Rush and Tarot
Wizards Tarot Review

10 of Swords and the Origin of Tarot

RWC 300 In her lively Living Tarot group on Facebook, creator and moderator Ferol Humphrey asks daily questions of the group, probing the Tarot--and our minds--for associations, answers and insights.

A few hours ago, Ferol asked one of her "big questions" of the Tarot: What is the origin of Tarot?

She drew, of all cards, the 10 of Swords.

Now many get spooked by the 10 of Swords, even calling it a "negative" or "bad" card, but I truly see all 78 cards in the Tarot as having a Light/Shadow continuum. The supposed "positive" cards have a detrimental or extreme side and the "negative" cards have a redeeming, helpful side.

In answer to Ferol's question What is the origin of Tarot?, I wrote:

The pain of being human forces us to look for answers and solace wherever we can find it. Tarot, filled with symbols and meaning, became what is is because of humanity's need.

Tarot is often used in the "bad times"--when seekers need insight into heartbreak, strife, loneliness, confusion and boredom. We may ask "Is there all there is?" or "Why do I seem to run into this relationship dilemma on a recurring basis?"

And Tarot is always there to answer. To be sure, its answers aren't always clear or straightforward. But that's when we dig deeply and begin to connect our own innate answers to the image on the cards--a partnership replete with an ongoing dialogue of symbols, phrases, motifs and messages.

PK 300 This conversation reminds, surprises, reveals and comforts us in both "good" times...and the not-so-good times.

One of the messages I relate to the 10 of Swords is "it can only get better from here"; after all, in the Rider-Waite-Smith version, there's a sunrise in the distance. It's a "bottom of the barrel" place where we turn to something greater than ourselves--or, at least, something/someOne with a higher perspective than ourselves--for a bird's eye view of our condition.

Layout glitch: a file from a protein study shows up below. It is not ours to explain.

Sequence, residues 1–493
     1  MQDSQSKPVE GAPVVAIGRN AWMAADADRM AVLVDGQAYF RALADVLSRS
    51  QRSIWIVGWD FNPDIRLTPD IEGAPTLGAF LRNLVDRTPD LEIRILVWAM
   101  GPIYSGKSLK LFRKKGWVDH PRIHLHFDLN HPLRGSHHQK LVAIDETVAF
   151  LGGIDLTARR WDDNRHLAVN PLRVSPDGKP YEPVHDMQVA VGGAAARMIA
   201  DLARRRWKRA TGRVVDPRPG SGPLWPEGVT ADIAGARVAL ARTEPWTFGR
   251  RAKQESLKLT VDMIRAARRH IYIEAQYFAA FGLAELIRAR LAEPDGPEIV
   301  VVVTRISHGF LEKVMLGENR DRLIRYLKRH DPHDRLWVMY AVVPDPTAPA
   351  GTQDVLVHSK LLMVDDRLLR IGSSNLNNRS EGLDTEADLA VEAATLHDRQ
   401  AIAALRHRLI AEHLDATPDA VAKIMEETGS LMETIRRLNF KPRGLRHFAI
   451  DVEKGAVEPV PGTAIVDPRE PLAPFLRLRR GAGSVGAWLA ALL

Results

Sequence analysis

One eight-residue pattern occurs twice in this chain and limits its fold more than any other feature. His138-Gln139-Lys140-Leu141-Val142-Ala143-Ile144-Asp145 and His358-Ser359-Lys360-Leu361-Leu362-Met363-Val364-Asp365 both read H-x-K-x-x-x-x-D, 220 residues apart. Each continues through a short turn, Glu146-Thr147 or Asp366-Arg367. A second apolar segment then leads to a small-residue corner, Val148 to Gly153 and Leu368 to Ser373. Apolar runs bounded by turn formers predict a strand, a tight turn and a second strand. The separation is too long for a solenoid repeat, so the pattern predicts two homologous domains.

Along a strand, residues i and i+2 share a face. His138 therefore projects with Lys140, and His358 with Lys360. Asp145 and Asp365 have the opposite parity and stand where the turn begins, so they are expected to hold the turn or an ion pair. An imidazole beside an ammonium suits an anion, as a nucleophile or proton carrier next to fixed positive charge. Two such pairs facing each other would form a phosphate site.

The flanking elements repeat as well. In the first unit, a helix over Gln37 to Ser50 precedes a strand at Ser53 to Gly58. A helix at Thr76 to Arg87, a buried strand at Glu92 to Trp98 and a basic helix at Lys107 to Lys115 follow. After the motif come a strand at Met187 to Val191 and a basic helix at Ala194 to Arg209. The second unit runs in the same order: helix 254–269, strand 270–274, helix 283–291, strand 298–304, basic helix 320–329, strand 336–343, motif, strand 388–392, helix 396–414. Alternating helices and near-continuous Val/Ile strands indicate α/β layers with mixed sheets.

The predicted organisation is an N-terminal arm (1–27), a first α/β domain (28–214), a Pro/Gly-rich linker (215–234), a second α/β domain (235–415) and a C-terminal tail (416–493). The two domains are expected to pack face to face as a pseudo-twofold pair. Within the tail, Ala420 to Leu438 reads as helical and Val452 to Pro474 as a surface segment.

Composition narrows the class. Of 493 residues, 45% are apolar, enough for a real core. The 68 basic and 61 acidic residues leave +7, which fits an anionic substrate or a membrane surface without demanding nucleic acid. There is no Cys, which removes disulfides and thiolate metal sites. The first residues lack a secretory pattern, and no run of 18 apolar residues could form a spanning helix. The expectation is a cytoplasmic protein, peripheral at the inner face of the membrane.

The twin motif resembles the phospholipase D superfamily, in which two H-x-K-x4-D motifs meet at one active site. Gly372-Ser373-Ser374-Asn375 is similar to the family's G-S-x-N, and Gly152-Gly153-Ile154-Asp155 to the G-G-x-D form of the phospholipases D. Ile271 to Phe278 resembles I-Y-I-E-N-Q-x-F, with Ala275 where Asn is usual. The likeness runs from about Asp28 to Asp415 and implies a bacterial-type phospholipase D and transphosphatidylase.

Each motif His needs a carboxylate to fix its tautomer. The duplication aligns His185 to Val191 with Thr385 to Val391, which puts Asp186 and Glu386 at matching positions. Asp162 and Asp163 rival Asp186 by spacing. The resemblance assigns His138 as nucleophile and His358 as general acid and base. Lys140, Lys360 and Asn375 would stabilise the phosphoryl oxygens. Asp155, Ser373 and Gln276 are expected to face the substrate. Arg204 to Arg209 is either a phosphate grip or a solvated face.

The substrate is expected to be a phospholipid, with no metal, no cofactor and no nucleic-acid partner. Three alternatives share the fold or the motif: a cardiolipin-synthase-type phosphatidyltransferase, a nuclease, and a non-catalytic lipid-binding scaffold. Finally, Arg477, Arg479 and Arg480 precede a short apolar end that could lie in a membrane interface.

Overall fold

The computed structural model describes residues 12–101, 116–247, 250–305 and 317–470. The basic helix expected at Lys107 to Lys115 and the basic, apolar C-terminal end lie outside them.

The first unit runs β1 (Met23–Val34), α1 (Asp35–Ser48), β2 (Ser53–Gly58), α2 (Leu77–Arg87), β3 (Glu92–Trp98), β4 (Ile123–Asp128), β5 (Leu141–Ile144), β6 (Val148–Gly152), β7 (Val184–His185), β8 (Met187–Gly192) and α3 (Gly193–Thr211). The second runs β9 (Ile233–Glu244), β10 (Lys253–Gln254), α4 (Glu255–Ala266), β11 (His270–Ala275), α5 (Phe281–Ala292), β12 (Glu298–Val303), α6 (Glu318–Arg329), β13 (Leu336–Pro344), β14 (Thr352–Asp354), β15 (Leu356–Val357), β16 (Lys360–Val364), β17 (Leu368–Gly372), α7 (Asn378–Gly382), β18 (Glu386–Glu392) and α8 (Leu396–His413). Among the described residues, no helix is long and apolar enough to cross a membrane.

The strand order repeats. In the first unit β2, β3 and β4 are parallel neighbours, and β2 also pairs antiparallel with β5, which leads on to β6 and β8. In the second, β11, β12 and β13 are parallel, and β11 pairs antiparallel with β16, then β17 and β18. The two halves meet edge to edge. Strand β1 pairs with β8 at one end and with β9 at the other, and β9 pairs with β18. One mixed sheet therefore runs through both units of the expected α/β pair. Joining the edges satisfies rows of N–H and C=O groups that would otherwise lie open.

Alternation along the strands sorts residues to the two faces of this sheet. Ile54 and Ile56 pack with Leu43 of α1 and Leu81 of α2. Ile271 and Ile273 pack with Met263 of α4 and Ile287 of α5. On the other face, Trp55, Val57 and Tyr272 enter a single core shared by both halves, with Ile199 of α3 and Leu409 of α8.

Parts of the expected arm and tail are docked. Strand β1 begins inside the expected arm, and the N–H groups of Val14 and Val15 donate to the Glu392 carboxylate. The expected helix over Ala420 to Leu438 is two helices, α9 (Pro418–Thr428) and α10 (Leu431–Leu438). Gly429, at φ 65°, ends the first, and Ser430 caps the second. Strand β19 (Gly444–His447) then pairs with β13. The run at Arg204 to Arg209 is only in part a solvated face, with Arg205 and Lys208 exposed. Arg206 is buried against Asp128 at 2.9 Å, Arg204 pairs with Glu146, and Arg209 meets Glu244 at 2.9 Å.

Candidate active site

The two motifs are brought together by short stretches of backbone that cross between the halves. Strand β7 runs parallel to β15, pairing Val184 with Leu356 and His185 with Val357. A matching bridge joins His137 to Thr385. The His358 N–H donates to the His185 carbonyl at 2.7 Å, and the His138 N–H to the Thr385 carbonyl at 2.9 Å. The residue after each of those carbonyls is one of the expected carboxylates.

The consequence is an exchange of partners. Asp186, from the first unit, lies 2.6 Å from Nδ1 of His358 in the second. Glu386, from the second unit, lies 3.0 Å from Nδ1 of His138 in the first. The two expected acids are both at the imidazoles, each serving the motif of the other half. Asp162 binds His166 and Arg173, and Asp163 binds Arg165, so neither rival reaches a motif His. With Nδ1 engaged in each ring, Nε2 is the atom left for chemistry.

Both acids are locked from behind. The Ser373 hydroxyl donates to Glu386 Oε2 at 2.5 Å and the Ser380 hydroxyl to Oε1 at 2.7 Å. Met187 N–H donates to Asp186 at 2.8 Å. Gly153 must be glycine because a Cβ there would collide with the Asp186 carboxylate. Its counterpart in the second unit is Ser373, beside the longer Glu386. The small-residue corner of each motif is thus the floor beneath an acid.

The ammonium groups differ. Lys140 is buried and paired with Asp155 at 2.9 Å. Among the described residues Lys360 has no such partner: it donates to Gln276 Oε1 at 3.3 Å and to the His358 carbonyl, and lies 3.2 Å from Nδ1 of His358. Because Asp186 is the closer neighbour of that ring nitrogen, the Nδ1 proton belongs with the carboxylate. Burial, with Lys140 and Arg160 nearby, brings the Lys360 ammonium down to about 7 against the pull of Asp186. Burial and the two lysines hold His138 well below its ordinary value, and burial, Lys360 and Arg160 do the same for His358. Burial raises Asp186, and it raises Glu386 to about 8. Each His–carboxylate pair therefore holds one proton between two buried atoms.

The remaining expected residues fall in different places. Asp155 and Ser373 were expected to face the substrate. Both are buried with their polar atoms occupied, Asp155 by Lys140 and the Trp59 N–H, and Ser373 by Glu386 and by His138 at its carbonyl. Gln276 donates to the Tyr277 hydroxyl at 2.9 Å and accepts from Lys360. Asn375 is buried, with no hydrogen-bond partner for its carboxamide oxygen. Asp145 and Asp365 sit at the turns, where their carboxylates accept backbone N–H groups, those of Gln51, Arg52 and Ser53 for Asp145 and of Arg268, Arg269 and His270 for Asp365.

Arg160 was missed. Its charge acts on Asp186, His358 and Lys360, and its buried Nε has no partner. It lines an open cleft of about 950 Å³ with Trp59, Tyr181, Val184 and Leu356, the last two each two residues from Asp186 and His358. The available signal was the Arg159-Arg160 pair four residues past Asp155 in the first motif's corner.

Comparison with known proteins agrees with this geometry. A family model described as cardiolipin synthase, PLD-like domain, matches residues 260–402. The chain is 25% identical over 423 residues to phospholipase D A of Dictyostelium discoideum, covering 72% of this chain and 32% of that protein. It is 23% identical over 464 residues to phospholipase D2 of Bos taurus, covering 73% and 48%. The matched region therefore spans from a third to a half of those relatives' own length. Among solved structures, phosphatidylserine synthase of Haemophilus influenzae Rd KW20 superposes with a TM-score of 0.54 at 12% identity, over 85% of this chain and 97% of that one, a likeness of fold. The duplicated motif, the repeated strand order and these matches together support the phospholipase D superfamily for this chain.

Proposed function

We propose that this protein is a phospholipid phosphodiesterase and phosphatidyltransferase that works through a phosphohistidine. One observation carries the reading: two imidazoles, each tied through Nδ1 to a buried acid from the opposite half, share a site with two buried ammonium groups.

Tarot has the amazing ability to serve both the macro and the micro. We can use the cards to get "above" our situation, enabling us to see patterns or discover clues to navigate life's mazes and forests. On the other hand, we can also zoom in to the tree itself, examining the bark, moss, leaves and critters that populate this beloved, and living, metaphor.

The 10s are "the end" so to speak, before we spiral back to the Ace of promise. But at that place between the 10, and before the Ace, ah...that's the crucible or fullness where we experience some of life's greatest burdens and pleasures.

And before The Wheel turns to another season heralded by the Ace, the Tens may very well be the origin of humanity's yearning for meaning and belonging.

Card images from the Smith-Waite Centennial Edition Tarot (published by U.S. Games Systems, Inc.) and the Pictorial Key Tarot (published by Lo Scarabeo).

-- Janet Boyer, author of Back in Time Tarot 


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